• Very true angusm, thanks for the comments! The use of stability control discussed in the article was in reference to hand-holding the camera only. When on a tripod, it’s usually best to turn off IS…not only is there usually no need for it since your setup will be locked in place… but also, as you said, it can actually introduce unwanted movement.

    In my experience, most lenses’ “sweet spot” is usually two to three stops down from wide open. So if your lens opens to a maximum of f/2.8, typically the sweet spot should be in the f/5.6 to f/8 range, ceteris paribus.

  • I agree, Mike. When shooting anything stationary (which is most of the time when shooting Landscapes) I use Live View and magnify. Seeing the subject close-up in LV definitely helps the shooter get the subject in better focus. Thanks for your comments!

  • Ed Cobb (Double Shot)

    Jeb, do I need to allow for sensor crop factor when calculating minimum shutter speed. Eg on 1.6 cropped sensor at 70mm 1/70 or 1/112?

  • Great question Ed. As a general rule, you should include the crop factor when calculating minimum shutter speed. For example, if you’re using a 200mm lens on a camera with a crop factor of 1.5, your minimum shutter speed should be 1/(200*1.5) = 1/300.

  • Michael Hindes

    Great tips, and the comments were helpful too.

  • Helene

    If you can get a cable release for your camera, I’d recommend using one to reduce vibrations when using a tripod. New cameras might be able to be triggered remotely.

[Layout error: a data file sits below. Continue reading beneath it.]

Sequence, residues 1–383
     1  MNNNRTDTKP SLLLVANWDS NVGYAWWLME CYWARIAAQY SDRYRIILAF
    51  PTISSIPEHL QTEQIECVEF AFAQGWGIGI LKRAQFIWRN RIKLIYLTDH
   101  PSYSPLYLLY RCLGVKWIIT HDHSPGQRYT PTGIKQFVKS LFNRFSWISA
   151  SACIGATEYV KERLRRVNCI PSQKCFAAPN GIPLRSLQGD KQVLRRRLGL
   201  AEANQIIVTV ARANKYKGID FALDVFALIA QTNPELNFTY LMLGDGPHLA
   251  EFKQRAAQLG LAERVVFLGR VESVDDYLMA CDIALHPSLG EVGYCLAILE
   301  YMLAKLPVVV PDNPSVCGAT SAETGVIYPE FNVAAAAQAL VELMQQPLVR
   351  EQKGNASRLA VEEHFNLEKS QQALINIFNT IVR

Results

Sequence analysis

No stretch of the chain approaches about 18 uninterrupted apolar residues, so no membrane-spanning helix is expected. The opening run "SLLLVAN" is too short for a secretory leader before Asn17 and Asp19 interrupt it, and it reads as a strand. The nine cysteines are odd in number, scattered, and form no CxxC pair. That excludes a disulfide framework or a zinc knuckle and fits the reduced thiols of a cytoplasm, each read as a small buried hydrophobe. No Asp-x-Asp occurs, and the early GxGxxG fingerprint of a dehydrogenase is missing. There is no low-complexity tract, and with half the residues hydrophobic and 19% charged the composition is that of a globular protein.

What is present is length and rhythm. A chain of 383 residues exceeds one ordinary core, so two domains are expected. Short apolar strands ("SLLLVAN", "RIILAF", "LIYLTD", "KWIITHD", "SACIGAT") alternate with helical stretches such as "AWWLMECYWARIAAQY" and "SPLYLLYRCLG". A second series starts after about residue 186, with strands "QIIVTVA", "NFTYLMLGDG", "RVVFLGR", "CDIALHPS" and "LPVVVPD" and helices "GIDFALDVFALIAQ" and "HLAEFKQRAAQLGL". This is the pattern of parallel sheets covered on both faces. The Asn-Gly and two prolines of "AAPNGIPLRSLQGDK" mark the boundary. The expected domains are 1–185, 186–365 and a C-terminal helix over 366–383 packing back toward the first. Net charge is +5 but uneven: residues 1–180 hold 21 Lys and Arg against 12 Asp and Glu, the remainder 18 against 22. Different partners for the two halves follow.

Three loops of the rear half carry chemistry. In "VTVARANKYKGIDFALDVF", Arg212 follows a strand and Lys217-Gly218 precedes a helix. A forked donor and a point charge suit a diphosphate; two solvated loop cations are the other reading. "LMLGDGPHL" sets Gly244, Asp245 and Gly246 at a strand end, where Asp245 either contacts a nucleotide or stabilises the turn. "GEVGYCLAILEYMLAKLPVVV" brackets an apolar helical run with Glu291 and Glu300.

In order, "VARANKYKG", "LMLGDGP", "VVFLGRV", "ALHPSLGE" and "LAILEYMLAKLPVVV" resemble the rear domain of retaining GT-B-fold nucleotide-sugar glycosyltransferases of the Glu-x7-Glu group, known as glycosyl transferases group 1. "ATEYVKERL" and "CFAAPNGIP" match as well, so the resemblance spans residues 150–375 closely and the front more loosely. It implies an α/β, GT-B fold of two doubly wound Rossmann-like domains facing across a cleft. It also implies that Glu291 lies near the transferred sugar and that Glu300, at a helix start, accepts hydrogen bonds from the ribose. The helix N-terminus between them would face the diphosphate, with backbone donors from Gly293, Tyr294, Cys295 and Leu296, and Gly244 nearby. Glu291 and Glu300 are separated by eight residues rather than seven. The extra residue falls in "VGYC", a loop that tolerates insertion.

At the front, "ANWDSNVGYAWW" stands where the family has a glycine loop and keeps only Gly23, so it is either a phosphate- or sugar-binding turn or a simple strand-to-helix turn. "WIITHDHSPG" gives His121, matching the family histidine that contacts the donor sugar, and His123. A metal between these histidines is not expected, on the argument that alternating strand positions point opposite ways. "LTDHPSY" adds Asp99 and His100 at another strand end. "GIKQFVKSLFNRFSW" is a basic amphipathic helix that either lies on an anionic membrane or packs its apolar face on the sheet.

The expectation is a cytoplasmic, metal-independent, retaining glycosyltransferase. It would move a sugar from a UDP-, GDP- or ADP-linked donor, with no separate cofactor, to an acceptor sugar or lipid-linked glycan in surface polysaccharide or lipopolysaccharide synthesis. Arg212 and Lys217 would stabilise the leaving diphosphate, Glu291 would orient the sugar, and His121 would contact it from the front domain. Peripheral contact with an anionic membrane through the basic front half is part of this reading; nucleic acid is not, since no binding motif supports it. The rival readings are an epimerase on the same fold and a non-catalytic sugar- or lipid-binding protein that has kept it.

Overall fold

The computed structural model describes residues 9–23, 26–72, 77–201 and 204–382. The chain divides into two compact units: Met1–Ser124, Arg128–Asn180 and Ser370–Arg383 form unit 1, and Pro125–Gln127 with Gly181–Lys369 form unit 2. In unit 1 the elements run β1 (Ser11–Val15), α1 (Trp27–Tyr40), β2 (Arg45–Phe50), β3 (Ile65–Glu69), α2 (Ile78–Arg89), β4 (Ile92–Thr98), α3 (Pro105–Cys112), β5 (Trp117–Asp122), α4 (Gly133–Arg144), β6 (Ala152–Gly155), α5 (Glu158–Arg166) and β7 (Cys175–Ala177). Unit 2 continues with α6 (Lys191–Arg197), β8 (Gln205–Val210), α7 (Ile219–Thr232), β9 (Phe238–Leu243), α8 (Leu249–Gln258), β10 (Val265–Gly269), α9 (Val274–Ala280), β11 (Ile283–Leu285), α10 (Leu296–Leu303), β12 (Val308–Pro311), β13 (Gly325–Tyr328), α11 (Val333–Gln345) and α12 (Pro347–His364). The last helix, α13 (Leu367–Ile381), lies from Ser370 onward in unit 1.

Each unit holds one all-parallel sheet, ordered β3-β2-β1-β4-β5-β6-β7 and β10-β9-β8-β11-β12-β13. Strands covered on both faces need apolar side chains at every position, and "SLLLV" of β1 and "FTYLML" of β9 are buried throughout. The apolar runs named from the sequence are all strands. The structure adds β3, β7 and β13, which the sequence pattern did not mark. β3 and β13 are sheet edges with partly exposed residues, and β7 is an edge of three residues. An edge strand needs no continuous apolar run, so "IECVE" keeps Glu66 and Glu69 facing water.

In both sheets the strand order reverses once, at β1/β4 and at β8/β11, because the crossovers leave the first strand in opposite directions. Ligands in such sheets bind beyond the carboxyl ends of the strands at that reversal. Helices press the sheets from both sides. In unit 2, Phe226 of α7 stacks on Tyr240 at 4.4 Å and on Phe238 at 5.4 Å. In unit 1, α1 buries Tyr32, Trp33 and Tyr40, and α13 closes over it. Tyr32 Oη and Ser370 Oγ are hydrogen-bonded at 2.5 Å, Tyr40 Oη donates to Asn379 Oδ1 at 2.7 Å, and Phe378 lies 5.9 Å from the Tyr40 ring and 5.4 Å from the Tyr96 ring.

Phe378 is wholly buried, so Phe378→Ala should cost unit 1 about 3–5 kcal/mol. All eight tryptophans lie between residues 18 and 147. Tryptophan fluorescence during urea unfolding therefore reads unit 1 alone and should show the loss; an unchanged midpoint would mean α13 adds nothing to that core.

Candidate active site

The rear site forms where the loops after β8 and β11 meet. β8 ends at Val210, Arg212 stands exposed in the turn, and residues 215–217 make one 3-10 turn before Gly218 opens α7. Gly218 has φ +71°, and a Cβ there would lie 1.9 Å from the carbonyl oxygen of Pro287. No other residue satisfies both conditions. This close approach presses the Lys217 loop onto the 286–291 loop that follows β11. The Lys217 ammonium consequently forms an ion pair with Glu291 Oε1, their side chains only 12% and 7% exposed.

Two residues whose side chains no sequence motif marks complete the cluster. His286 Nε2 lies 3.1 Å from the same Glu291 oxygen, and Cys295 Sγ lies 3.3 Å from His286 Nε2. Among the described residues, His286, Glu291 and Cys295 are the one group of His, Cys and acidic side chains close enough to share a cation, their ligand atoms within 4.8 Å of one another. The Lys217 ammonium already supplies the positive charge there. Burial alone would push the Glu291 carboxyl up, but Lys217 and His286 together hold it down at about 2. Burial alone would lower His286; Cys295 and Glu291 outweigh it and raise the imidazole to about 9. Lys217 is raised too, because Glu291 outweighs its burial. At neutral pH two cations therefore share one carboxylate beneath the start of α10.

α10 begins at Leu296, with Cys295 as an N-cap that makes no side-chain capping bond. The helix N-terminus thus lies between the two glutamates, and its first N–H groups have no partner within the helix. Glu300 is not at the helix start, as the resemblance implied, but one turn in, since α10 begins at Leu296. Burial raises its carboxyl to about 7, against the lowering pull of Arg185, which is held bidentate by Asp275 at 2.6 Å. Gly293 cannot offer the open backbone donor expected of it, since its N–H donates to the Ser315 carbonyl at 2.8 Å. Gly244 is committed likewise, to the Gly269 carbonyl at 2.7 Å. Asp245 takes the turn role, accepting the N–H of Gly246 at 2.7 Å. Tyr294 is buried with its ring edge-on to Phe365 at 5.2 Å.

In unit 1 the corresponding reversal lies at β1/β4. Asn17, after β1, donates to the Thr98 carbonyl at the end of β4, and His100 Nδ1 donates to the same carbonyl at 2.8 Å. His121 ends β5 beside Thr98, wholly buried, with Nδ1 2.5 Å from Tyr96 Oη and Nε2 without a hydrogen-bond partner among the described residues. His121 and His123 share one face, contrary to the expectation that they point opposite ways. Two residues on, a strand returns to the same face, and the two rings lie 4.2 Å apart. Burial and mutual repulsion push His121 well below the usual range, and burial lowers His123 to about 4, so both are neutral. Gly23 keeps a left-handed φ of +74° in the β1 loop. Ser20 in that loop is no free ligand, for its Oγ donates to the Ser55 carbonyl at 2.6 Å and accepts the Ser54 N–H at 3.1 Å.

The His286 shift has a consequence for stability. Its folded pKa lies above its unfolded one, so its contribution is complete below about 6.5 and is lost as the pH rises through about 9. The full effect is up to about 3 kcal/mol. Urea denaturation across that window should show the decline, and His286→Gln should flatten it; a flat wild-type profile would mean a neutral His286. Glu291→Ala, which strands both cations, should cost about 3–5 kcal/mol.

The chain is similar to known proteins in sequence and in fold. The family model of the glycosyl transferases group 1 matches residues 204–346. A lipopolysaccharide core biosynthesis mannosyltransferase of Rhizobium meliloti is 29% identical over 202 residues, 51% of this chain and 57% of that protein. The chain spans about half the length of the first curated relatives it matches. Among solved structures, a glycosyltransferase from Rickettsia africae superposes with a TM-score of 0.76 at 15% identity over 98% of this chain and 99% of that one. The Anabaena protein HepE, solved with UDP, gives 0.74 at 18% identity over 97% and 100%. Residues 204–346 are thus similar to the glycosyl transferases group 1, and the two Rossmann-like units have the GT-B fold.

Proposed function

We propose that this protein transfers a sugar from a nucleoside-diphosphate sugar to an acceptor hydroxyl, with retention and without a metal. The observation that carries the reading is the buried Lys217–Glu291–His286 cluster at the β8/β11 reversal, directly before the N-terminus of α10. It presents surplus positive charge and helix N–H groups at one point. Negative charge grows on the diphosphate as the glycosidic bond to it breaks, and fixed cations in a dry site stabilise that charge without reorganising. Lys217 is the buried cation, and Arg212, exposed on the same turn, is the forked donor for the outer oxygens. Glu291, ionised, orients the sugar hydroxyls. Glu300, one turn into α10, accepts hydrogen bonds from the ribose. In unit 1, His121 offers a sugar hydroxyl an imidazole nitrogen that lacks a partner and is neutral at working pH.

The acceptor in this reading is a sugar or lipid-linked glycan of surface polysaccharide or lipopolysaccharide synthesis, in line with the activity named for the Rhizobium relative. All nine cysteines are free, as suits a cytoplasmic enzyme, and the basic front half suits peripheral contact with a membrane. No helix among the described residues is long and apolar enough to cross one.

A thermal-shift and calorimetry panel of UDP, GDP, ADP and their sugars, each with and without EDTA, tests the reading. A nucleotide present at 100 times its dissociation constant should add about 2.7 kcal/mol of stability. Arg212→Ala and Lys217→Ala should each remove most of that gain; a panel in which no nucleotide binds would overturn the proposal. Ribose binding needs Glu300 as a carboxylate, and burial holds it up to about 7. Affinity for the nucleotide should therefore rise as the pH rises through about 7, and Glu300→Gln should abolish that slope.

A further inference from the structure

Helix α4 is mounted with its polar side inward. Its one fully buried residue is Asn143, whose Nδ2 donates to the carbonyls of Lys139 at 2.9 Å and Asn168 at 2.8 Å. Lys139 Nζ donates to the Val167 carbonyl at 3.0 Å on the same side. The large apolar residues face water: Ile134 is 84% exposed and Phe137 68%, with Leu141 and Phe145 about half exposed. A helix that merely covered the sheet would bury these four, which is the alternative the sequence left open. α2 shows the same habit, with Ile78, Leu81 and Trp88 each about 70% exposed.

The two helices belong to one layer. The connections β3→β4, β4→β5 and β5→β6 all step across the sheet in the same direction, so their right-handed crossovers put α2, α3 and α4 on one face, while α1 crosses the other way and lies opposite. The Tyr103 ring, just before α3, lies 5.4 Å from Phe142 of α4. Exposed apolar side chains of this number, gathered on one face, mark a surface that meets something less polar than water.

• I agree Helene…I always use a remote shutter when on a tripod. But…if you forget to bring along a remote shutter, using the mirror-lockup (Exposure Delay Mode in a Nikon) option will usually mitigate any vibration introduced by pressing the camera’s shutter button. The obvious exception is for long-exposure photography, when a remote shutter is practically essential.

  • Wayne Werner

    Note, that if you’re shooting at wide apertures your front element can be surprisingly um… dirty? (http://kurtmunger.com/dirty_lens_articleid35.html) and it won’t cause that much of a problem.

  • Patrick Dote

    gr8 piece! thank you.

  • Dave Munn

    Regarding the ‘mirror lock-up’ I have researched test made by professional photographers and the opinion is that there is no significant difference in image quality using ‘mirror lock-up’.

  • Gaurang Arora

    You can also use the self-timer.

  • Thank you

  • TomMorrison

    If you don’t have a remote available, most cameras have a 2 second self timer, which I think is specifically for the purpose of mitigating the vibration from pressing the shutter button.

  • walwit

    The Canon software of my camera (DPP) has a button for increasing sharpness both for raw and jpg pictures.

  • Then why would they bother to even offer the feature? There are high speed videos on youtube showing just what a percussion the mirror makes when the shutter is released.

  • traveller 66

    Placing a cheap grade (distorting) UV filter in front of expensive glass makes little sense. When shooting, I remove the protective UV filter for sharper results.

  • The article only refers to using a protective filter while the lens is being stored on a shelf, or while traveling…not while shooting. I’ve read countless studies that have concluded that using a UV filter while shooting creates little to no distinguishable advantage as it pertains to clarity or sharpness of photographs. But, it does help protect the lens while in storage or while traveling.

  • Mark

    It makes a difference in long exposures for definite. If you take sunsets, astro shots etc you can see the slight fuzziness introduced by the vibration from the mirror slap.

  • e filler

    I understood that generally the sweet spot is roughly 2 stops above the lowest aperature Setting.

  • me

    And this depends on the lens of course…. I fin f5.6 or 7 is best on my f4.5 lens

  • António Silva

    I’m not sure, focal length is constant and the image size on the sensor is the same.